When you’re getting started as a freelance fashion designer, it can be hard to find clients. While I don’t always recommend using freelance sites to scale and grow your freelance business (fees and competition are high, among other reasons), it can be the easiest way to get started. But which freelance sites are the best for fashion designers? (And which are the worst?)
I was curious too, so I asked all 500+ of my Freelance Accelerator: from Surviving to Thriving (FAST) students this exact question:
Spoiler alert, there’s only ONE site my students (and I) recommend for finding freelance fashion design work!
Keep reading to learn why Upwork is the best freelance site for fashion designers, and the pros and cons of other freelance platforms.
You’ll also learn how to differentiate between cheap and quality clients, tips for a professional profile that attracts brands, and getting started on Upwork.
If you’re looking for remote freelance opportunities as a fashion designer, start with Upwork. Of all the freelance platforms out there, it has the best quality clients, is the most accessible place to get started, and offers the best protection.
(More pros and cons on Upwork and the other freelance platforms are below in the comparison chart.)
Now if you’re thinking, “but Heidi, I’ve been applying to tons of gigs on Upwork and I’m not landing any jobs!”…
There are many reasons this happens.
It’s exactly what Lucia, one of my FAST grads, experienced.
Lucia left her full-time job to freelance because she wanted more time to be with her two kids.
But even though she was sending out pitch after pitch on UpWork, she wasn’t making any headway. She thought she must be doing something wrong, but she didn’t know what it could be.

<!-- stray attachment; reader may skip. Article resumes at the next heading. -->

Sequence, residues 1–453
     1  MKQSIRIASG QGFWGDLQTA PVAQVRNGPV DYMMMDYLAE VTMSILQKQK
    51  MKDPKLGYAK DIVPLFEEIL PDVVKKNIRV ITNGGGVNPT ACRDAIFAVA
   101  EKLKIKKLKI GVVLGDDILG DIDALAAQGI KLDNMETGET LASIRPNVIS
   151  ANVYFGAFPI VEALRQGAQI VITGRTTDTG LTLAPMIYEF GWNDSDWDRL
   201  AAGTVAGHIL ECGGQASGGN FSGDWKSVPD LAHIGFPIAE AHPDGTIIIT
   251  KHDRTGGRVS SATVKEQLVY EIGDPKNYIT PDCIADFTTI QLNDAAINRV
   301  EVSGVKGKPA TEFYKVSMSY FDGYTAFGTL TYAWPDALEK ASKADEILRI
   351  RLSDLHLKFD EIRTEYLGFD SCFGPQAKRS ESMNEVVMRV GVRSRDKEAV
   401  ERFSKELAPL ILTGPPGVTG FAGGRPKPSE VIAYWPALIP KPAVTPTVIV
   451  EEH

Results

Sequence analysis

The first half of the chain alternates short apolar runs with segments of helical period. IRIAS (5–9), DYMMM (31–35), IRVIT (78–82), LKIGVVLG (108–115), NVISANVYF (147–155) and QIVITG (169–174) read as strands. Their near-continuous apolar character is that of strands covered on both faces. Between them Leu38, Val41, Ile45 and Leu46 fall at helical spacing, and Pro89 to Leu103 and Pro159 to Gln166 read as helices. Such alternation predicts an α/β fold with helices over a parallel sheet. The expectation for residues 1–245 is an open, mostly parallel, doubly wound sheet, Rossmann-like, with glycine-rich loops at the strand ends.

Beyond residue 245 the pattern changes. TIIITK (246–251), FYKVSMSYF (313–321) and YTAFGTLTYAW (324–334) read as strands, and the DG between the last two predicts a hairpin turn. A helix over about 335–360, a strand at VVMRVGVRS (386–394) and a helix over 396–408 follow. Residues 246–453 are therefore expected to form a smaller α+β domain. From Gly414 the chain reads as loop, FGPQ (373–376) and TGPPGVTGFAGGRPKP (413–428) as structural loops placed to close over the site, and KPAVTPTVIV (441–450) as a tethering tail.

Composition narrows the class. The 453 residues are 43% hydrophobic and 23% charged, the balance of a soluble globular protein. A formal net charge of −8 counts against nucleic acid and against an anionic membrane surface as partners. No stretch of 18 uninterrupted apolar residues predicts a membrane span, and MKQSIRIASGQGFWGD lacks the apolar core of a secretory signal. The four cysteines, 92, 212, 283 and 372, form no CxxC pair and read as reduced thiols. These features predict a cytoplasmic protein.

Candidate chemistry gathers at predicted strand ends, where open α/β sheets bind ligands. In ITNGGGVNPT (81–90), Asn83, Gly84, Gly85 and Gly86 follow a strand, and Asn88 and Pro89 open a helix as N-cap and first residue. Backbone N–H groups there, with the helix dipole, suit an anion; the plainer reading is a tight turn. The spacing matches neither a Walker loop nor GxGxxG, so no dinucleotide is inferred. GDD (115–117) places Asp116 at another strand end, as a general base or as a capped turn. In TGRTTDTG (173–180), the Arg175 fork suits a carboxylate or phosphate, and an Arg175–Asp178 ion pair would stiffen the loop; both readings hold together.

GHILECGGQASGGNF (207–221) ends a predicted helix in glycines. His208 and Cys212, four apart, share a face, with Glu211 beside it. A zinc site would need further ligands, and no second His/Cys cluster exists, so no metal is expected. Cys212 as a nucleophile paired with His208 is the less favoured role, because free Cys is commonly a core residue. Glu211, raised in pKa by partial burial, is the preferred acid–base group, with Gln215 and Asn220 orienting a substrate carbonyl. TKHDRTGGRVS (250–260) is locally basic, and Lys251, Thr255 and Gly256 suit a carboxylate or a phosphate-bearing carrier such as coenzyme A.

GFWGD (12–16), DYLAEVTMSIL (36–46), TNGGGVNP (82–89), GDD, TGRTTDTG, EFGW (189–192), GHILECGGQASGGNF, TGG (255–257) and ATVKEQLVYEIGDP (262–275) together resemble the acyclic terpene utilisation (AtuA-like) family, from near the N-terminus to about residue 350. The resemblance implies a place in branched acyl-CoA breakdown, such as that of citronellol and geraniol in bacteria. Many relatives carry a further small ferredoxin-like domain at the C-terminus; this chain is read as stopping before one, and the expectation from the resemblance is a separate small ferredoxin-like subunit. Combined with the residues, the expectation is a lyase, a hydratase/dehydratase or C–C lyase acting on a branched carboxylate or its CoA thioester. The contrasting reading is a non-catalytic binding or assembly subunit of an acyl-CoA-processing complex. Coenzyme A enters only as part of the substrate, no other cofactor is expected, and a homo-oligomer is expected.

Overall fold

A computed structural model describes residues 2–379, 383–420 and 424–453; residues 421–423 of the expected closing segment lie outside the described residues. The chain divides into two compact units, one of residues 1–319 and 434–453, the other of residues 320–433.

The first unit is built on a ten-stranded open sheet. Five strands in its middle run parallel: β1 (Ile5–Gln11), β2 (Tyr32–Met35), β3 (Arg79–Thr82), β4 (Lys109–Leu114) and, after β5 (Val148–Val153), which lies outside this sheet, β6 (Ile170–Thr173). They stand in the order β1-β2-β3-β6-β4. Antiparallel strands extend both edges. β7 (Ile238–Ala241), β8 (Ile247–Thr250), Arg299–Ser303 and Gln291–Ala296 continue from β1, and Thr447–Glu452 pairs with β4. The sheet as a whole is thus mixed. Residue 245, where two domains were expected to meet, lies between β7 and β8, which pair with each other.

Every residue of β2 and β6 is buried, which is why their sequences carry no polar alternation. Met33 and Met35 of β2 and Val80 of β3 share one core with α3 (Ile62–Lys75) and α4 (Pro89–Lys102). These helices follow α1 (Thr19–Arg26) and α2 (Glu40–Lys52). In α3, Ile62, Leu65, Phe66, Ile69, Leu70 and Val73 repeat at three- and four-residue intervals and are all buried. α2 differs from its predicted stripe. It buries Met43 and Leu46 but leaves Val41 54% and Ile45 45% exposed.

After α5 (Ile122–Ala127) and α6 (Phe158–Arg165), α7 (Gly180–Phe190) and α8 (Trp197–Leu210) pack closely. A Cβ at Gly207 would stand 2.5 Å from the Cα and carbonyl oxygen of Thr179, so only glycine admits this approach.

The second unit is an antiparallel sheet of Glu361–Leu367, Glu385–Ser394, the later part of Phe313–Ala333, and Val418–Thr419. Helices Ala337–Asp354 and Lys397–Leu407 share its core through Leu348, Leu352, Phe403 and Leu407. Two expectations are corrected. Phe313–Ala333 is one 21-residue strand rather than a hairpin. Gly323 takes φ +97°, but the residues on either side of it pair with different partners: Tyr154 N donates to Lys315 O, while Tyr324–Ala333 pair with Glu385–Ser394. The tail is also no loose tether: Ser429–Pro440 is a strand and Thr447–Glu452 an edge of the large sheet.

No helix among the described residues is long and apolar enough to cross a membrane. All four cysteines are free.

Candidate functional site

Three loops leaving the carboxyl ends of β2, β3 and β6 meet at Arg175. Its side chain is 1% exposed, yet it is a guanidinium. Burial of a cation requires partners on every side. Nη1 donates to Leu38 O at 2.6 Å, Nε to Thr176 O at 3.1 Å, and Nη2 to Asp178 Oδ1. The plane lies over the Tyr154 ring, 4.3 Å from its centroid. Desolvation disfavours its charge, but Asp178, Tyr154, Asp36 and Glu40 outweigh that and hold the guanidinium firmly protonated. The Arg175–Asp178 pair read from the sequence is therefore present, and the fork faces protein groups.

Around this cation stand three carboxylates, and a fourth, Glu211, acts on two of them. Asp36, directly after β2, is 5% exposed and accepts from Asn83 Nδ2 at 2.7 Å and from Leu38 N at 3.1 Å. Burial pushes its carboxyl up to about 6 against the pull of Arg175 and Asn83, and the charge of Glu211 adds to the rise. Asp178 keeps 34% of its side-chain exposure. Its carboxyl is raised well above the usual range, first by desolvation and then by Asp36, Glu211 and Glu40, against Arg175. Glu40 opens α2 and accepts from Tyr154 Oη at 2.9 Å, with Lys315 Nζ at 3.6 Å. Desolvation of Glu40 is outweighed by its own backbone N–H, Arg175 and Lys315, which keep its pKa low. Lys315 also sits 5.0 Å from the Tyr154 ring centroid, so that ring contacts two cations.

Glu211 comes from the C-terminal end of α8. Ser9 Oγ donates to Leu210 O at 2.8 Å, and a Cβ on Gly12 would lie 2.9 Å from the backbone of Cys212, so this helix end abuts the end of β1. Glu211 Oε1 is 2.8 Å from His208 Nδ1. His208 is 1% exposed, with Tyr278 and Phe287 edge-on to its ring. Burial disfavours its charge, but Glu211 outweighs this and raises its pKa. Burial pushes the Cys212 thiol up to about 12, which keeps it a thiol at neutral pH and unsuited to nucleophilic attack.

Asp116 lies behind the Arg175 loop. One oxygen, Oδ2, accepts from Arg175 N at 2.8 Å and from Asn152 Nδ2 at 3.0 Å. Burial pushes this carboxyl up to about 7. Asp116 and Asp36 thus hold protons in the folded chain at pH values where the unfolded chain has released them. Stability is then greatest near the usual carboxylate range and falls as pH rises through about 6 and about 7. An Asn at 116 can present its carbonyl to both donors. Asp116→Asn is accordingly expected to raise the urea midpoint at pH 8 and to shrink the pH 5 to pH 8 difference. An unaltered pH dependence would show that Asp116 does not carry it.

So she joined my Freelance Accelerator program, and used my strategies to make a few simple but powerful tweaks to her pitches. Within just a couple weeks, Lucia had landed a project for $1,890! Then she got another project. And another one. And another!
Lucia’s growth has been unreal in just a few months and she’s getting amazing feedback and repeat work from her clients (using strategies I teach in FAST!).
So, how did Lucia start landing so many fashion freelance clients on Upwork? She followed some simple strategies.
While Upwork does have good quality clients, there’s still a lot of junk on there! Here are 3 tips to find well-paying freelance opportunities on Upwork.
Your Upwork profile is where you get to show fashion brands, at a glance, that you’re the right person to hire. Most people get this wrong! Which is why I’ve compiled my top 3 tips for a professional and standout Upwork profile below:
With these 3 strategies, you’re already ahead of most freelance fashion designers trying to get hired on platforms like Upwork. It’s not going to happen overnight (persistence is key), but this is how you get started.
Now that you know the best freelance website for fashion designers…I’m obliged to share the worst so you don’t waste your time.
Again, this is not my arbitrary opinion. This is data I gathered from the 500+ fashion freelancers inside my FAST program.
One of the quickest ways to burnout when you’re getting started as a freelance fashion designer is trying to be everywhere. Whether that’s having a profile on alllll the freelance websites out there, or creating content for every social media platform, it’s impossible to keep up and do a good job everywhere. Stay focused on Upwork while avoiding sites like Fiverr, People Per Hour, LinkedIn, Indeed, and StyleCareers.